FRANKFORT, Ky. (WDRB) -- Donald Trump is well on his way to winning the Republican presidential nomination, but Trump has yet to win the support of some of Kentucky's top Republican leaders.

They appear not quite ready to give Trump an enthusiastic endorsement.

"At this point, weighing in on who I'm going to vote for, I think is a mistake for me or any other person," said Gov. Matt Bevin.

Trump may be the last man standing, but Gov. Bevin is not declaring him the nominee just yet. Until the convention makes it official, Bevin is remaining coy.

"I have been very clear that there is absolutely no way that I can support or will support Hillary Clinton or Bernie Sanders. I've been very vocal and very clear about that. People can do the deductive math based on those that are in the race and come up with their own conclusions, and that's where I'll leave it for now," Bevin told reporters.

Kentucky Senator and Senate Majority Leader Mitch McConnell released what is viewed as a lukewarm endorsement of Trump.

"I have committed to supporting the nominee chosen by Republican voters, and Donald Trump, the presumptive nominee, is now on the verge of clinching that nomination. Republicans are committed to preventing what would be a third term of Barack Obama and restoring economic and national security after eight years of a Democrat in the White House. As the presumptive nominee, he now has the opportunity and the obligation to unite our party around our goals," McConnell said in a statement.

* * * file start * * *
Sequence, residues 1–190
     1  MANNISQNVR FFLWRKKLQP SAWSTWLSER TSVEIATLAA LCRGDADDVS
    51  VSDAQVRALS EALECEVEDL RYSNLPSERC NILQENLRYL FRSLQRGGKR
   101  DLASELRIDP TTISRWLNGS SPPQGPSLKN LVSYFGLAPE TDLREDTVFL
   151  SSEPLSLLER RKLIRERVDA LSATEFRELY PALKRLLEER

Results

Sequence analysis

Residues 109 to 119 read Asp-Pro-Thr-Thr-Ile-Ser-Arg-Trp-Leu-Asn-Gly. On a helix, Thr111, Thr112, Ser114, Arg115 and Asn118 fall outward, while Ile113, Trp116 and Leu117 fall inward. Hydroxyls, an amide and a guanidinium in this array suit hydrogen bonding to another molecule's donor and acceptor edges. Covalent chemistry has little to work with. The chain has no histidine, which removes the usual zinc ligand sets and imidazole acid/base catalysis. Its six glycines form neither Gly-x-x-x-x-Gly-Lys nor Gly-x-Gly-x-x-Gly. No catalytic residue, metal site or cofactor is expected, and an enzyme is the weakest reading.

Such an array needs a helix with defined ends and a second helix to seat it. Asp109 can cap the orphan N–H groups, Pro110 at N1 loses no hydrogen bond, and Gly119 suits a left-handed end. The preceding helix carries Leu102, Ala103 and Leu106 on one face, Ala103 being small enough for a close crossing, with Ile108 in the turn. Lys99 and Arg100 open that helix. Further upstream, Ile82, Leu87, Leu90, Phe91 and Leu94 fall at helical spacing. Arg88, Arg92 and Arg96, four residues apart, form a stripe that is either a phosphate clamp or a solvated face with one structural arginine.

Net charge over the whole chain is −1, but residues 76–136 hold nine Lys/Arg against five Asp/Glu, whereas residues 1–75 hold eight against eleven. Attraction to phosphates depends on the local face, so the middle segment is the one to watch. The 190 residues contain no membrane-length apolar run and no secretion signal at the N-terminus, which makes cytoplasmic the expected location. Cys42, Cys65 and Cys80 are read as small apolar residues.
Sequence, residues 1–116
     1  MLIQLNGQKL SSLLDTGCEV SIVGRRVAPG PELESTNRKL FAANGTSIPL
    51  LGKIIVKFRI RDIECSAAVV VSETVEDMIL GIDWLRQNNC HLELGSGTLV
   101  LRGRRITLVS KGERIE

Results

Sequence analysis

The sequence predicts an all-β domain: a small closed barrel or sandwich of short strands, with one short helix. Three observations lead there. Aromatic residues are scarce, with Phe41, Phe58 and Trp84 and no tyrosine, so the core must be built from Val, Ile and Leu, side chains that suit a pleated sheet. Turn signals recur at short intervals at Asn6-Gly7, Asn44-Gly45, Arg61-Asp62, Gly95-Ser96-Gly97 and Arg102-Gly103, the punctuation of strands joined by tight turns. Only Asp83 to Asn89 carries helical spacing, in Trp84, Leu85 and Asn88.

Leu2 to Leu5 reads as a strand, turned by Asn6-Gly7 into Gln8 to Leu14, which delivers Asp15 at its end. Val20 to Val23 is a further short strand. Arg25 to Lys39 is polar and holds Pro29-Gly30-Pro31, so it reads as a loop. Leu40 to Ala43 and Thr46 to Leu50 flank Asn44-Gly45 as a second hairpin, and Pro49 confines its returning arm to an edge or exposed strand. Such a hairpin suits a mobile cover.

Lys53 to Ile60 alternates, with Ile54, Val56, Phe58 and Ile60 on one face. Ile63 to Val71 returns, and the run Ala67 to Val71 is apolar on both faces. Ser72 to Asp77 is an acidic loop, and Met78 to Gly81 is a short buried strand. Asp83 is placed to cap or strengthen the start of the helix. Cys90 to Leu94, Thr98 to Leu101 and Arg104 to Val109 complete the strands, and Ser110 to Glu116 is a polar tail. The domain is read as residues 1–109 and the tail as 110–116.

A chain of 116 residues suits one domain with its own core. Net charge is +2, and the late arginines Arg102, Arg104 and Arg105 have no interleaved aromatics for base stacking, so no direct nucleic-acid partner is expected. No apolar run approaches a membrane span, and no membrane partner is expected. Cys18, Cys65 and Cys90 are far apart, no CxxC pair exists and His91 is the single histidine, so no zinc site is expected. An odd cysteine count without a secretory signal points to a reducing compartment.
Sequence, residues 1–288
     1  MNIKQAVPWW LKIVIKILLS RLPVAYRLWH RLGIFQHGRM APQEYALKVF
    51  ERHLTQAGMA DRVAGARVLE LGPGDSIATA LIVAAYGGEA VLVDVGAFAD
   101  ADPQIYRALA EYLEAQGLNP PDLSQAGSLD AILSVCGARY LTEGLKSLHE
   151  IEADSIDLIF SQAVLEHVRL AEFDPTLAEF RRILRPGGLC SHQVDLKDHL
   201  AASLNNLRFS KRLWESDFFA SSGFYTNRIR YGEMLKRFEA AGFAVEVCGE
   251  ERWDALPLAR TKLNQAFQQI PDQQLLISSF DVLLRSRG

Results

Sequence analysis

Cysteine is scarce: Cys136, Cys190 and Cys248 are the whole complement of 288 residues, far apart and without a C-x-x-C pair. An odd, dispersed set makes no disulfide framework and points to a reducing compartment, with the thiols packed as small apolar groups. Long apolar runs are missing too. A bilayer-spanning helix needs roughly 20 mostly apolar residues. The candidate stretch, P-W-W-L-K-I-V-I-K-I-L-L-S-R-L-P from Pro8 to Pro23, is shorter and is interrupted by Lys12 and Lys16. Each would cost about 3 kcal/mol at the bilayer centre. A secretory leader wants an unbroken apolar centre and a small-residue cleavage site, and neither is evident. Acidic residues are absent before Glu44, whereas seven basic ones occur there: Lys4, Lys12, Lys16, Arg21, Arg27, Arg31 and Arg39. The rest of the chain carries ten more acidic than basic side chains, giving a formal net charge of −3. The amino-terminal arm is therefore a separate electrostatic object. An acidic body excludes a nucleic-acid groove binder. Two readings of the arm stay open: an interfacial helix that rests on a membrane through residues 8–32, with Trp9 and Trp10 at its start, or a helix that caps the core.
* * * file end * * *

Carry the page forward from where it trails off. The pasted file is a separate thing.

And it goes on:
State Treasurer Allison Ball adopting a wait-and-see attitude.

"You know what's going to be nice is seeing what he does with his V.P. pick. I'm very eager to see. That's going to tell us a lot about the direction he wants to go in," Ball told WDRB News.

Ball is focusing more on the party's agenda than its nominee.

"As long as we're all furthering what we believe, then we can all move forward in that," she said.

When a reporter noted that she sounded a bit skeptical, Ball again emphasized party unity around its principles.

"Really, I believe in conservative principles. I believe in the platform of the Republican Party," she said.

But if not Trump, what about a possible third-party candidate?

"Let's talk about people that are actually in the race. I'm not going to deal in hypotheticals," said Bevin.

WDRB did reach out to Senator and former presidential contender Rand Paul but, so far, no comment.

For the record, when asked, Gov. Bevin said he has no interest in being Trump's vice-presidential running mate.

During its mock convention in February, Washington and Lee University named Bevin as its choice for Trump’s vice-president. Bevin is an alumnus of the school and was the keynote speaker for the mock convention.

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